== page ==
FA2008 - CHEM 140A (Substitution and Elimination Reactions)

FA2008 - CHEM 140A (Substitution and Elimination Reactions)...

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D. D. Grove Substitution and Elimination Reactions CH 222 Page 1 of 23 Substitution/Elimination Reactions Nucleophilic Substitution Reactions Basic S N 2 Reaction CH 3 CH 2 I + KBr CH 3 CH 2 Br + K I acetone Note that the iodide is substituting for the bromide. The iodide is the nucleophile and the bromide the leaving group . The organic compound where reaction takes place is the substrate . Kinetics of Reaction s double [CH 3 CH 2 Br], observe doubling of rate s double [KI], observe doubling of rate, which leads to Rate = k[CH 3 CH 2 Br][KI] k = rate constant This suggests a biomolecular mechanism, one in which two molecules collide and then react. Understand and be able to illustrate what the above statements mean. Stereochemistry Substitution occurs with inversion of configuration. CH 3 CH 3 CH 2 H I CH 3 CH 2 CH 3 H HS HS optically active optically active Na Na I inversion of configuration Stereoelectronic Requirement The nucleophile must approach from the backside of the C-I bond. The reason for this has to do with molecular orbital considerations. Transition State CH 3 CH 3 CH 2 H I HS partial bonds transition state for S N 2 reaction Reacting carbon is sp 2 hybridized in TS. Note: TS is charged. * - * - The S N 2 reaction is a concerted process: bond-making and bond- breaking occur simultaneously. Potential Energy Diagram This is a potential energy diagram that describes the energy change during the reaction. Note that this is an exothermic process with a single maximum, the transition state. Be able to draw and label these diagrams. Consequences of Stereoelectronic Requirement (Rate Profile) H C C H 3 L H H C C H 3 L CH 3 CH 3 C C H 3 L CH 3 H C H L H > > > 1 o 2 o 3 o methyl decreasing rate fastest slowest PE reaction coordinate sm product ) G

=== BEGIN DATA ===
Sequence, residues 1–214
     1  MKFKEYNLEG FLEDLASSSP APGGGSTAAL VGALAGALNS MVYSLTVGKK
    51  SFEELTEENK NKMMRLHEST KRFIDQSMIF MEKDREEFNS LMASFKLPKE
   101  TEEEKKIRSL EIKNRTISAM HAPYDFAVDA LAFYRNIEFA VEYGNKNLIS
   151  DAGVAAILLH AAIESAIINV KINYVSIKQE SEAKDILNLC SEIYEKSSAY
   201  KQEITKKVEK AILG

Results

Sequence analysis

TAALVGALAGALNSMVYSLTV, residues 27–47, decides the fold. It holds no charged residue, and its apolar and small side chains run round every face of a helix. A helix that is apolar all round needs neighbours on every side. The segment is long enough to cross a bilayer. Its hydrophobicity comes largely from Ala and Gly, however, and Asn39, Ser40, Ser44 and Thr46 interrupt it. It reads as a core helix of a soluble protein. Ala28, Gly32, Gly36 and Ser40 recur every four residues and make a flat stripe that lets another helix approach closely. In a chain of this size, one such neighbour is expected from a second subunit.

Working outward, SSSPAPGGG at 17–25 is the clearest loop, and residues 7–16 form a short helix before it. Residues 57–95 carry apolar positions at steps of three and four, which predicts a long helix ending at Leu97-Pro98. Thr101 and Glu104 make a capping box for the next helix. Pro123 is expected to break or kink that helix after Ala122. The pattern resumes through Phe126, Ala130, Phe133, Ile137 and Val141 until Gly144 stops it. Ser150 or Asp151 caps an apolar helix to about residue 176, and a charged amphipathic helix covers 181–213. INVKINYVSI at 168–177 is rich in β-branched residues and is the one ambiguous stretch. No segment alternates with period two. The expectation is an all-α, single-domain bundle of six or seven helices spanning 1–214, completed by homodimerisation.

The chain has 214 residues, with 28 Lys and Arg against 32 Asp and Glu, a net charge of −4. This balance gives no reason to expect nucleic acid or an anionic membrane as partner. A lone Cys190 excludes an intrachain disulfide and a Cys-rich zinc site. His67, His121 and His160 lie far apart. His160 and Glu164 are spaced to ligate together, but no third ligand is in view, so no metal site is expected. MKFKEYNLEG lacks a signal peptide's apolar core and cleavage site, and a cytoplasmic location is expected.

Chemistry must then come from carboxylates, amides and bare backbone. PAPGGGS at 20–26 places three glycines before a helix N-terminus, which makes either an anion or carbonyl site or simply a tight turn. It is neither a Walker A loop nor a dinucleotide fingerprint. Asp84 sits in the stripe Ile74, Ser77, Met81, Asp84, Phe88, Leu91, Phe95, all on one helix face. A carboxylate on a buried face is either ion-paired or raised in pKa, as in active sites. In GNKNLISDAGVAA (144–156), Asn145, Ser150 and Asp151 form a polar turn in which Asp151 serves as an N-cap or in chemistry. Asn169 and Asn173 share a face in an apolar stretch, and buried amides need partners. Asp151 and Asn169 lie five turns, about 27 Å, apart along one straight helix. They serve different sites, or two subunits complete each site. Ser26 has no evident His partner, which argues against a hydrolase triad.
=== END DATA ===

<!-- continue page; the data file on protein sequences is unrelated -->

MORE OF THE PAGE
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D. D. Grove Substitution and Elimination Reactions CH 222 Page 2 of 23 Substitution/Elimination Reactions For practical purposes, S N 2 reactions do not occur with 3 E substrates; backside attack is sterically hindered. Here is what a space-filling model of methyl iodide looks like. Note how the backside of the reacting carbon is exposed. the back side of methyl iodide is open to attack by a nucleophile. iodide leaving group Methyl iodide tert-Butyl iodide backside of carbon is sterically hndered. Notice that the back side of the reactive carbon in tert -butyl iodide is now sterically hindered by the three methyl groups; indeed, one can just barely see the back of the reactive carbon atom. An incoming nucleophile has a difficult time getting into close enough to the reactive carbon to actually react. Cyclic Substrates The table below gives the relative rates of reaction of cyclic alkyl bromides with lithium iodide in acetone. Alkyl Group
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This note was uploaded on 10/18/2009 for the course CHEM 140A taught by Professor Whiteshell during the Spring '04 term at UCSD.

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FA2008 - CHEM 140A (Substitution and Elimination Reactions)...

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